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dandys

Server 2012 R2 and IP (dynamic/static)

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dandys

Hi everyone,

 

I am just putting together a home server running Server 2012 R2 and I was wondering about IP options. My ISP offers static IPs for a higher price and I have been considering that versus DDNS versus dynamic.

 

All I really want is the ability to remote desktop into the server from away from home. When I am away from home, there is usually someone who is home who I can call and ask to look up "what's my IP" if the external IP changes, and that's what I'd been doing before the server.

 

I just got a new router though (Netgear Blackhawk 7000) which says that it has DDNS services through "mynetgear" which runs on the router without having to run a program on a computer. I like simplicity, though, so I'd like to avoid it and go with the low-tech "phone in" method if I can. Also I've heard about possible safety/privacy issues with DDNS services?

 

I guess my question is, is there anything in Server 2012 (R2) where the server has to know its own external IP? I plan on setting the server to be a constant internal IP (192.168.1.5 or something) that never changes, but I can't remember if there was somewhere in the server itself that I had to type in the internet/DNS settings. What I definitely would NOT want would be having to go into the server manager every time the IP changes and update the IP because the server breaks every time the IP changes or something ridiculous like that.

 

I of course want to be completely capable within the network itself and not to have any down time if/when the IP changes if I keep it dynamic. I also would like the option to remote desktop into the server. It is all right with me though if in order to do that, I would have to know the current IP address or ask someone at home, because in reality it only changes once every few months or so. If it makes a difference, I am interested in maybe setting up the home network as a domain with Active Directory so please let me know if that would be affected.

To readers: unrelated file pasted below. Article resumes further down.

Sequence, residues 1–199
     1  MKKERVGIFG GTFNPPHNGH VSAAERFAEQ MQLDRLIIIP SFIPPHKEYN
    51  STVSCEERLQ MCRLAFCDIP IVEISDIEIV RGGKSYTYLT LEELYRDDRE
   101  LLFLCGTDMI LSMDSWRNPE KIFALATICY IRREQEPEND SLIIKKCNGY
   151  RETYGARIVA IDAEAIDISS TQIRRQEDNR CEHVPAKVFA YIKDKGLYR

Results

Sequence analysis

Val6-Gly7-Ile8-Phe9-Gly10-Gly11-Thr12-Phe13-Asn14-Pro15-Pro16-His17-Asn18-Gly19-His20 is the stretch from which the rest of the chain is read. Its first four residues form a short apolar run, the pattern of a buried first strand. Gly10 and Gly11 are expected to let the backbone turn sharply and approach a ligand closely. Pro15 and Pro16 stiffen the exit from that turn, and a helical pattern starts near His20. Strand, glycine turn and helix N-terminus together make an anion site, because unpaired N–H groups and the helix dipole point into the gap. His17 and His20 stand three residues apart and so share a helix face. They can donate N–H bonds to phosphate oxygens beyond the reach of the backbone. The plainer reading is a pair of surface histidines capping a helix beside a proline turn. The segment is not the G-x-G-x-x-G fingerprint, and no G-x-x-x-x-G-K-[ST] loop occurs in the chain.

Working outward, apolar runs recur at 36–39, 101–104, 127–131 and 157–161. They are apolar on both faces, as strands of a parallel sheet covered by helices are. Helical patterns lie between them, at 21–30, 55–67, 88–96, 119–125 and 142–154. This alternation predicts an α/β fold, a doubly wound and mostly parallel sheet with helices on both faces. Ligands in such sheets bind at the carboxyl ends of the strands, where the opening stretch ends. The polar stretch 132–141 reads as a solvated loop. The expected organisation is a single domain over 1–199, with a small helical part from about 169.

Between the 3 options (static, DDNS, dynamic), which one can I get away with? Any advice would be appreciated.

Edited by dandys

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jmwills

Dynamic will be just fine.  The custom domain offered by Microsoft will update the DNS A Record so you can remote in by FQDN.

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dandys

Thanks for the response.

 

Just to be clear,

 

If I wanted to though (for simplicity), could I just use the IP address as given to me by looking up my external IP from within the home network? Like writing that down and in RDP typing in "xx.xx.xx.xx:3389"?

 

Secondly, just to make sure, Server 2012 doesn't need to know anything about external IP or have a real domain address?

Edited by dandys

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Drashna Jaelre

Well, first off, you wouldn't want to expose that port if you can help it.

 

But buy using the build in wizard to set up the "Anywhere Access", it sets up the domain name, updates it's DNS record (to keep it up to date, in case your ISP changes your IP addresses), and it configures a SSL cert for both the website and Remote Desktop Gateway. 

RD Gateway is awesome. It allows you to access the computers over port 443 (https), and encrypts the connection. 

It may be a bit more complicated to set up on the client side, but would allow you to access *all* of the computers, securely and through the one port. A much better solution, IMO.

 

 

 

But no, you don't need to set up Anywhere Access. But it's worth it, IMO. Even if you use the built in .remotewebaccess.com domain name.

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jmwills

I would also add, when it comes to the part about configuring the router, do it manually and do not enable UPnP.

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ikon

If I wanted to though (for simplicity), could I just use the IP address as given to me by looking up my external IP from within the home network? Like writing that down and in RDP typing in "xx.xx.xx.xx:3389"?

 

Well, no, you can't just do that. In order for this to work, you have to configure your router to forward 3389 to your server. Otherwise, the packets will be dropped by the router and you'll never get connected. BTW, if you do set up Port Forwarding on your router, I recommend you choose a different port number than 3389. For example, say you choose 42873 as the port you want to use to access your server from the Internet. You would type xx.xx.xx.xx:42873 into your browser while away from home. You would have your router configured to forward packets coming into your network on port 42873 to port 3389 at your server's IP. Why do this? Because 3389 is too well known and is searched for by bad guys constantly.

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Drashna Jaelre

And to be honest, I'd recommend not using a port like that anyhow, for remote desktop.

 

I'd honestly recommend the Essentials Experience role, and configure the Anywhere Access website. Why? Because it uses Remote Desktop Gateway, which is basically a reverse proxy for the remote desktop protocol, done over HTTPS/SSL. So it's encrypted.

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ikon

For sure it's not the ideal way, but it's sure better than using the default port, which is just scary.

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